The “single player is dead” narrative is not beneficial for both the publisher and the player

Oruç Dim
Oruç Dim
Dec 20, 2018 · 4 min read

EA, Ubisoft and Activision has stated that single player games are not in demand anymore over and over (either through outright saying it or through their actions). The sales numbers of God of War and Red Dead Redemption 2 are a clear indication that this is simply not true, so why exactly are these big shots of the game industry are trying to push this false narrative? Most gamers think that they push it because the gamers who exclusively play multiplayer games are more inclined to pay for microtransactions and whatnot, and that brings a lot more revenue than single player experiences.

The expectation of publishers here seems to be a switch over to multiplayer from single player, and they aim to goad current players to a multiplayer only gaming climate with these statements. What they don’t realize is that the fact that, if the future that is envisioned by these publishers comes to pass, lots of players -including me- would outright stop playing video games rather than exclusively start playing multiplayer. As a 31 years old person, most multiplayer only experiences feel like a time sink to me; they are simply not worth the time I spend playing them (even if I enjoy the occasional, well crafted multiplayer games here and there). If I was forced to choose between playing multiplayer games or not playing anything at all, I would choose the latter and watch a movie, read a book or spend time outside instead. If your game has nothing to say other than just being digital laser tag, it can only hold my interest up to a certain point; and after playing a few laser tags of the same ilk, I would just rather engage in much more worthwile activities. As I said, the occasional laster tag is fine, but if the industry becomes nothing else than an ocean of homogenous laser tags, it would lose a significant chunk of its appeal for the gamers who are engrossed by narrative-based experiences.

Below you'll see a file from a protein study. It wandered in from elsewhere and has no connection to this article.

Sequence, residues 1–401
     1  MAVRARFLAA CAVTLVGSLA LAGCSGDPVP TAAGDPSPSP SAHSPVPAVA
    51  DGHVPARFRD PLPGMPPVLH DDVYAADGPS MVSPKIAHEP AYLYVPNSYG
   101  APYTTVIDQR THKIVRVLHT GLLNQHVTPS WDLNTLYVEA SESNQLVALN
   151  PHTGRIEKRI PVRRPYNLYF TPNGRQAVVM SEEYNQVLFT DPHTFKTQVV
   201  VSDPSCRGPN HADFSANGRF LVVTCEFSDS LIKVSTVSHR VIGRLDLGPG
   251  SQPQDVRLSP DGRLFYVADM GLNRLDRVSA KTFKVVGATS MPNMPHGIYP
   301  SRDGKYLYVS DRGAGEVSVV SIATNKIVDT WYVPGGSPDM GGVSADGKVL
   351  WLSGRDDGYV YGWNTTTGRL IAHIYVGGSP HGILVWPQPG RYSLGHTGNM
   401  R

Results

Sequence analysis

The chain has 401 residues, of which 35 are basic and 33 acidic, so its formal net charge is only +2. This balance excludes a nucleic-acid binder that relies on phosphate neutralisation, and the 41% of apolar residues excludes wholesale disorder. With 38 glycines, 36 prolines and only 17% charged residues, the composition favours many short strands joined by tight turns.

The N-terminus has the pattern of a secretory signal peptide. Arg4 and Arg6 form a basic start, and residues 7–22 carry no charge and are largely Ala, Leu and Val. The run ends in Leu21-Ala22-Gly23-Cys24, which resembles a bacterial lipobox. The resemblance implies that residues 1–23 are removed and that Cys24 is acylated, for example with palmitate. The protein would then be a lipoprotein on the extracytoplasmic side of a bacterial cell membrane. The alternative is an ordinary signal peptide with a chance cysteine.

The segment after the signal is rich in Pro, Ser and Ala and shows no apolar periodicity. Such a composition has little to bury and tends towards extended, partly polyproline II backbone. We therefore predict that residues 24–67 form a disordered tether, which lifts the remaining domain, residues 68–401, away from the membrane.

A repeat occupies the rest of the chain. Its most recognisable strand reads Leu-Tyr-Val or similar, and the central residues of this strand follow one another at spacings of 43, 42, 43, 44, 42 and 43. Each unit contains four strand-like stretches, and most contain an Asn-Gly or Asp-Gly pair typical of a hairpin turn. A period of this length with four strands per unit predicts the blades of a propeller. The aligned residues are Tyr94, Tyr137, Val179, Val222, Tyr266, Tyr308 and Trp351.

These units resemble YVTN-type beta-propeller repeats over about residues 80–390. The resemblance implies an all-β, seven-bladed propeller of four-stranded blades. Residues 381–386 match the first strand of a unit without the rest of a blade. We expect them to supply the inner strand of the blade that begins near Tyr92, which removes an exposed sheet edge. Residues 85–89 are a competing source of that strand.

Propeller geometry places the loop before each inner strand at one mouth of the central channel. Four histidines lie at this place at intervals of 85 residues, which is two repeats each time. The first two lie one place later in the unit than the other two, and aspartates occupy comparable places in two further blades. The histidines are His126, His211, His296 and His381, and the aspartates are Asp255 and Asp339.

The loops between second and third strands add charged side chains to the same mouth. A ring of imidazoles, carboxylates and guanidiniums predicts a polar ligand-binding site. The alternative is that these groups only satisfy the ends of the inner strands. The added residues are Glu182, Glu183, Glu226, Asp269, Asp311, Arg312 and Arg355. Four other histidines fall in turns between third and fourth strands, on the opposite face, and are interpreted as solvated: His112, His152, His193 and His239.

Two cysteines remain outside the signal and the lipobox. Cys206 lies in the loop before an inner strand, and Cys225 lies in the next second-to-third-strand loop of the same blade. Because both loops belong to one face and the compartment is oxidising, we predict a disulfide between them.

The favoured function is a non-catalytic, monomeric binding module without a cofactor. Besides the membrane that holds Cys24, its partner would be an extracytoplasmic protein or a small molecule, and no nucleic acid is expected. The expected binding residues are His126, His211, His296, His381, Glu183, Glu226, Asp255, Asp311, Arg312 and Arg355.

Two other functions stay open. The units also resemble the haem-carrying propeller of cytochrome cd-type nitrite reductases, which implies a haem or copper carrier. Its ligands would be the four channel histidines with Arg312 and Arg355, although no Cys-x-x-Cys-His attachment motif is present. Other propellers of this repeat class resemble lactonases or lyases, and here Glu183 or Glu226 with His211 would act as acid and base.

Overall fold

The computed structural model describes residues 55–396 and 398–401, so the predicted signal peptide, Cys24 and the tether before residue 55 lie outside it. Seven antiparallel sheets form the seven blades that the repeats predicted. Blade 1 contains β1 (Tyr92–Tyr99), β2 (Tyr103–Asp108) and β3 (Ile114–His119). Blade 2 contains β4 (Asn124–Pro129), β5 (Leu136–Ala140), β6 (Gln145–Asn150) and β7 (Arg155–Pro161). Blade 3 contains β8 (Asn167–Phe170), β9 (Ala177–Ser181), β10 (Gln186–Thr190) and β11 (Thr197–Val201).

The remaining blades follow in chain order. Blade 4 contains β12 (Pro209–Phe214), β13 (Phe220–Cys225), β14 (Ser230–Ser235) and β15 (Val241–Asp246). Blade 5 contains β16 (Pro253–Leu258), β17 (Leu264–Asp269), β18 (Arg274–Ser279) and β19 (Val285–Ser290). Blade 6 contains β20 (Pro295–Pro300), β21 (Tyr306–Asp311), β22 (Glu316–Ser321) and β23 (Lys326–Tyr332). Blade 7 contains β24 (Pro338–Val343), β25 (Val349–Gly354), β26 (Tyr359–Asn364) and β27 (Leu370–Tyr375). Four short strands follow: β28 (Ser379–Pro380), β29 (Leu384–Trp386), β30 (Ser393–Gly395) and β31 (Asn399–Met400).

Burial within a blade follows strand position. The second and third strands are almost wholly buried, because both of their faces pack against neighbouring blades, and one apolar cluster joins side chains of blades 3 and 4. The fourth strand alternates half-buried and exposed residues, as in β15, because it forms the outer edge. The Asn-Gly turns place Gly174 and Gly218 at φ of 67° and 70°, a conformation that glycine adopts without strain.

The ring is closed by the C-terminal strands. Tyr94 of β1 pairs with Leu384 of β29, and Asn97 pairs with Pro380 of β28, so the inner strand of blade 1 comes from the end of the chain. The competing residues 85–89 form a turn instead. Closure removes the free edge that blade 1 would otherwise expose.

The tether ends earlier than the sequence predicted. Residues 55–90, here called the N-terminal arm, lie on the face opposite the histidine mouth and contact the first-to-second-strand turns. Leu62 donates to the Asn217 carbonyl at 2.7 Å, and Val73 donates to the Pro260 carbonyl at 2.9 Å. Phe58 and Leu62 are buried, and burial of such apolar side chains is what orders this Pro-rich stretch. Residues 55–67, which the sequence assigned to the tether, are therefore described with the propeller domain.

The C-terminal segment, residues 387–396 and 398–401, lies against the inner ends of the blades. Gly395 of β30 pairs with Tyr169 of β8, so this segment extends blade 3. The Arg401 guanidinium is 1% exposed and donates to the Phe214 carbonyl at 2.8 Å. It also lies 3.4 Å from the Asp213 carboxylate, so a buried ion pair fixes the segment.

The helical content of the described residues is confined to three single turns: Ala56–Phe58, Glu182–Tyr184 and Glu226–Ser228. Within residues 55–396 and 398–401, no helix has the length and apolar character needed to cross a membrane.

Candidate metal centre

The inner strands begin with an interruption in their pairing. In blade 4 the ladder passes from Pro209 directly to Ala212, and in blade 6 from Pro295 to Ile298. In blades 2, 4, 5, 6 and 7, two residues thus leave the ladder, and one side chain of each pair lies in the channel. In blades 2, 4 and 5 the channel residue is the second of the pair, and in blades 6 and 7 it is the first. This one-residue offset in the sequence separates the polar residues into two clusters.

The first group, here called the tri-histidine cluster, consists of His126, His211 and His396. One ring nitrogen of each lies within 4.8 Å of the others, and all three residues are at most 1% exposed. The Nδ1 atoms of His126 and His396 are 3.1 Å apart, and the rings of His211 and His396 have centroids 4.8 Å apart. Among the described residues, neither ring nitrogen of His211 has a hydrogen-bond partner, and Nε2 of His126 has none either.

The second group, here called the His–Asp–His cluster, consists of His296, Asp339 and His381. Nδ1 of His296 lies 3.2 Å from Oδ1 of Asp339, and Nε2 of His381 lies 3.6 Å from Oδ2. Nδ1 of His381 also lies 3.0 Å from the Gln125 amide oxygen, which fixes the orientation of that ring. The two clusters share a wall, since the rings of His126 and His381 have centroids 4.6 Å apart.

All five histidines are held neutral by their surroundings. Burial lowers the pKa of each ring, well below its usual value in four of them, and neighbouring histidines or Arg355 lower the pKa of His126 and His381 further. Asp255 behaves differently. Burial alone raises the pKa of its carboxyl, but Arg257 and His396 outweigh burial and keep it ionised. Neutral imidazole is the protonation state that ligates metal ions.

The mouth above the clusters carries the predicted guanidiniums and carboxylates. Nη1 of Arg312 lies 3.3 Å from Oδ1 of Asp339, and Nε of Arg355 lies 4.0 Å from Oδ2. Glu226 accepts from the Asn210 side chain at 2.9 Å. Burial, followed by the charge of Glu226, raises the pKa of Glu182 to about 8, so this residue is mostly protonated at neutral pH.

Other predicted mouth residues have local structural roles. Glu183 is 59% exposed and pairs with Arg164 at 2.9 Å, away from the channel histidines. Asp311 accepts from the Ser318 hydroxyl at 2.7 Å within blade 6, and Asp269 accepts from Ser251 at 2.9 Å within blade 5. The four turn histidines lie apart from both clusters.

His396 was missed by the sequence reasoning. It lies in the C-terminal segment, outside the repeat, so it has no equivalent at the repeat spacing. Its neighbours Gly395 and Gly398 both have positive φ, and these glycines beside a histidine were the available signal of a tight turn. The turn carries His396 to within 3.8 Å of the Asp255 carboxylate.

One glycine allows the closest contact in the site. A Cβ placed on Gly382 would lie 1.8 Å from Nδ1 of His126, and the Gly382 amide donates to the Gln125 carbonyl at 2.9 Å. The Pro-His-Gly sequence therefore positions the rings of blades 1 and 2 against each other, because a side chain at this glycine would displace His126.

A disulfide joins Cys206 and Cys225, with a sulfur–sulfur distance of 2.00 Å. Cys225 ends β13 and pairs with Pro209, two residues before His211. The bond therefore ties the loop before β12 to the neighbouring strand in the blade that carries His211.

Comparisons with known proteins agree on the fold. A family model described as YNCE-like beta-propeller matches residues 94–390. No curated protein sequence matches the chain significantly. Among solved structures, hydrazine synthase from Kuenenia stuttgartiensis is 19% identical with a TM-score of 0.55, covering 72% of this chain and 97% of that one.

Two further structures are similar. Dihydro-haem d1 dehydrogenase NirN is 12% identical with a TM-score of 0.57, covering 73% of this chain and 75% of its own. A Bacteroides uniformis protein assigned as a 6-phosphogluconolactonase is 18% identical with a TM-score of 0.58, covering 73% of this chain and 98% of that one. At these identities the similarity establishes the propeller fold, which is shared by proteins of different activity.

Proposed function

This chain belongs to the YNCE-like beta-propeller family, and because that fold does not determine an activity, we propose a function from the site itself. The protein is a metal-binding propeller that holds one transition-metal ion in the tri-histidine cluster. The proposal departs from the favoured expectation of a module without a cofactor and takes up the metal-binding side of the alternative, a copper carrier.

Also, there is the subject of market saturation. Before the Battle Royale craze, there was the MOBA craze, and lots of publishers wanted to get in on the action. But it turns out, the MOBA market has reached the point of saturation, indicated by the fact that games like Gearbox’s Battleborn or Blizzard’s Heroes of the Storm have failed to bring in large numbers of players. A few years ago, skirmish based small scale FPS games -ala Call of Duty franchise- were the big thing, now it is being replaced by Battle Royale. The first game to feature this ‘bigger King of the Hill’ was the titular Player Unknown’s Battlegrounds (PUBG for short), and it is being published by Tencent, a Chinese publisher. Not long after, Epic added a Battle Royale mode to Fortnite and it has been a massive success so far. Activision wants a piece of that cake too and replaces the single player campaign with a Battle Royale mode called Blackout (and, to their credit, it is said to be the best one to date). The problem with Blackout is that it simply is not Call of Duty. Call of Duty multiplayer is about frantic, non-stop action, and here we have this game mode, which is admittedly done better than the other Battle Royale modes, in which you do nothing worthwhile for vast amounts of time. The game seems to be losing its identity in favor of being similar to ‘the big, popular thing.’ What comes afterwards? Rushing to the next popular game mode and imitating it to death in hopes of getting a piece of the cake? In other words, what these publishers are envisioning is a homogenous industry in which no company has a significant difference from one another in the way they produce video games; they just chase after what is popular at a given time (they may put their spin on it, sure, but I am sure that the products will remain in safe imitation limits to ensure it doesn’t come off as too unfamiliar to the player and they get a piece of the cake too). Can you imagine how little time it would take for even the youngest of gamers to get sick of gaming as a whole if there was no diversity whatsoever?

Gaming thrives on diversity and we need both the single player games and multiplayer games to attract all kinds of players and keep the gears of the industry turning. Alienating one kind of player (the ones with the financial stability and can support your games as long as you give them quality products) and catering to the other (the younger gamers who can only buy a few games a year but more inclined to play the games or game modes that have a certain popularity) does not benefit anybody in the slightest. No singleplayer and gold rushes similar to the Battle Royale craze is a recipe for another industry crash due to saturation of the market with similar products, not that different from the video game crash of 1983. I’m not saying that this future will come to pass (it is unlikely), but I’m rather saying that big publishers should stop pushing for it and ruin the diversity in gaming to make a few quick (and dirty) bucks.

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